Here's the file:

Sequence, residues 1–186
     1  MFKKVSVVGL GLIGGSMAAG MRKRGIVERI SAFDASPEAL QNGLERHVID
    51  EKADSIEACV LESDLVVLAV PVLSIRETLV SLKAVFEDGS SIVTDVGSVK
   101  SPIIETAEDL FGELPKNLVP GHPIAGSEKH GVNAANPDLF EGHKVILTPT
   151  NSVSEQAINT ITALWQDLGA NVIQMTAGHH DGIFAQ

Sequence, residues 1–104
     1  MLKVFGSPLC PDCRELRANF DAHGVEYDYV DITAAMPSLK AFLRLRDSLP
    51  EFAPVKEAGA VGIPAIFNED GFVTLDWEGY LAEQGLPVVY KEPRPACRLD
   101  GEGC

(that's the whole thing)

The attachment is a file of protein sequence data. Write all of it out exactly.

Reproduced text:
Sequence, residues 1–186
     1  MFKKVSVVGL GLIGGSMAAG MRKRGIVERI SAFDASPEAL QNGLERHVID
    51  EKADSIEACV LESDLVVLAV PVLSIRETLV SLKAVFEDGS SIVTDVGSVK
   101  SPIIETAEDL FGELPKNLVP GHPIAGSEKH GVNAANPDLF EGHKVILTPT
   151  NSVSEQAINT ITALWQDLGA NVIQMTAGHH DGIFAQ

Sequence, residues 1–104
     1  MLKVFGSPLC PDCRELRANF DAHGVEYDYV DITAAMPSLK AFLRLRDSLP
    51  EFAPVKEAGA VGIPAIFNED GFVTLDWEGY LAEQGLPVVY KEPRPACRLD
   101  GEGC